Having no desire to sacrifice my own well-being on the altar of anger, I began to work at letting go of my animosity.  I prayed for forgiveness.  I couldn’t bring myself to pray for her, though I remembered Christ’s command to do just that, so I settled for pouring out my hurt feelings and sitting in silence, listening for that still, small voice and the peace that passes understanding.

I have forgiven her as much as I am humanly capable of doing—with the help of a hovering Spirit to remind me that she likely faces her own challenges that I can’t possibly understand.  Occasionally the resentment resurfaces, and I’m reminded that forgiveness is a process.

I’m also reminded that the Spirit sustains us in our efforts in ways that sometimes seem coincidental and a little magical.  When I sat down at the keyboard to write this blog, I logged onto a music site, which usually defaults to the classic rock playlist I most often choose.  Lost in my own words, I wasn’t even conscious of the tunes, until I heard the first snippet of a song that I’d heard at my church last Sunday—a song I’d looked for Sunday afternoon on the music site.

Creeping into my consciousness, Amy Grant sang, “Beautiful, the mess we are. / The honest cries of breaking hearts / Are better than a Hallelujah.”

Yes, sometimes I’m a mess.  But perhaps selfishly forgiving someone else because it helps me is an acceptable beginning.

Tell me your own stories of the beautiful mess we human beings are.

History Repeating Itself?

Graduation 74

Teresa, Me, & Beth, giving speeches on “What’s Right with America,” “We Must Strive for Improvement,” & “The Future is in Our Hands”

A teenager on the verge of being old enough for a driver’s license, I was convinced the world was a mess.  The country was involved in a war we didn’t believe in, led by a president we had no faith in.  My friends and I couldn’t wait to be old enough to vote—to change the world.

On the eve of a presidential election where the incumbent was re-elected, I was also convinced that our parents’ approach to politics was the real problem. My own father voted a straight ticket for his party.  My mother gave my father a second vote in every election, voting as he told her to vote.

I was disgusted and indignant, but I feared my father too much to challenge him.  And when, out of his hearing, my sister and I asked Mom why she didn’t just go into the voting booth and vote as she wanted, she said she could never “cancel out” our father’s vote.

That year, though, was the point at which Mom started to question.  Disillusioned with politicians and feeling helpless to evoke change, she walked out the door to the polls with a sigh of resignation.  “What’s the use of voting one dirty bunch out and another dirty bunch in?” she asked my father.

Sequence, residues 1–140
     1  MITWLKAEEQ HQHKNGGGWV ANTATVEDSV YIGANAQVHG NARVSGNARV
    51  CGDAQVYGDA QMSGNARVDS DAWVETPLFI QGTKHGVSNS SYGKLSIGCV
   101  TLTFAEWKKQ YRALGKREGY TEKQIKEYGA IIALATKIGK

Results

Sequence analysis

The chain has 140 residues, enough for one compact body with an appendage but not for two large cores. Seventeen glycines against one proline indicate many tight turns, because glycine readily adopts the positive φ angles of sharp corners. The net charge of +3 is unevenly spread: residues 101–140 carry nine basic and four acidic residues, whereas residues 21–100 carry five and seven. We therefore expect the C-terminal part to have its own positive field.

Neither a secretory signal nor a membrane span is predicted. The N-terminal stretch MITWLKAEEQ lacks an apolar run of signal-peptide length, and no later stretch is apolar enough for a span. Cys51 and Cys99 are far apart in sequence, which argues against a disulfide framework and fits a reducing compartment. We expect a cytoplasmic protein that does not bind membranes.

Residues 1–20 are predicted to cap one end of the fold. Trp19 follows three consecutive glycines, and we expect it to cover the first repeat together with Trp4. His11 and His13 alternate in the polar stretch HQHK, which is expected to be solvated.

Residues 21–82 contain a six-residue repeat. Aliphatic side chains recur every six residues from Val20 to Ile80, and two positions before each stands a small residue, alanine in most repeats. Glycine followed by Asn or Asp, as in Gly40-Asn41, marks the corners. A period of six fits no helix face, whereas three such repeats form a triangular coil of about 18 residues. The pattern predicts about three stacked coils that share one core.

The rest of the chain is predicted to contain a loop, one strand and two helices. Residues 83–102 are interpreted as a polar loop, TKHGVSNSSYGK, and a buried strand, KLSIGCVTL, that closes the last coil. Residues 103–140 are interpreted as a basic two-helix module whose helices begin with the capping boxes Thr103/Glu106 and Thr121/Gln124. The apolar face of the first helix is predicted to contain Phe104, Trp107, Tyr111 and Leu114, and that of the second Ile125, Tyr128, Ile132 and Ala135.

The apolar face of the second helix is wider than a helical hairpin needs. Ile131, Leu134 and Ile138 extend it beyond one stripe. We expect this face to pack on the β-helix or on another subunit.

Scornful, I rolled my eyes in exasperation.  I had just finished an American History class that had awakened me politically.  Our teacher, in what I now know was unusual for a social studies class, required us to read four novels:  Shute’s On the Beach, Golding’s Lord of the Flies, Orwell’s 1984, and Huxley’s Brave New World.

Over the years, I’ve taught all these books in my English classes.  A collection with a more dismal view of humanity would be hard to assemble.  But my classmates and I refused to accept that our world was so broken, that the human heart was so capable of evil.  That was simply fiction.

Little has changed in 40 years, though, and as I listen to the current political debate, I’m reminded that history does, indeed, repeat itself.  I suspect that we could take videos from that era and alter the heads on the bodies and hear much the same political dialogue.

And I’m hearing young people voice much the same repulsion for government that my peers and I expressed when we were in high school.

What I’m not hearing is that they believe they can change the world.  Instead, I hear many young people lament the brokenness in Washington much as my mother did.

How do we keep history from repeating itself?  How do we avoid sinking into a quagmire from which there is no escape?  How do we keep life from imitating the tragic fiction of a dark human heart?

The polls tell us that a staggering 90% of us are disgusted with Congress.  But the problem is that most of us narrowly approve of our own representatives in Congress, usually in the 50-55% range, so we keep electing representatives who guarantee that the gridlock will continue.

What is the answer?  Given a choice of two extremes, we naturally vote with the candidate whose views are closest to our own.  And we have almost no moderates in Congress.

A friend of mine tells me that I should vote for a candidate from one of the other parties, but I find that I can’t take their quirky views seriously.  And so, like most of us, I continue to vote for the candidate on the extreme that is least scary to me.

But what if all of us, in our party’s primary, decided to look for the candidate who most seems to advocate moderate views and a willingness to compromise for the common good?

I’m no longer disgusted with my parents’ approach to politics.  I’ve chosen the opposite party from my father.  And I refuse to give up in resignation as my mother did for a time after my father died.  But in my gut I understand them both now as I could not when I was a teenager.

I still want to believe we voters can change the world.  Because the alternative is to believe that Shute and Golding and Orwell and Huxley were right about the darkness of the human heart.

And, to me, that is a human story that is too terrible to contemplate.

So, come now, let’s find a way to weave a story where truth trumps fiction.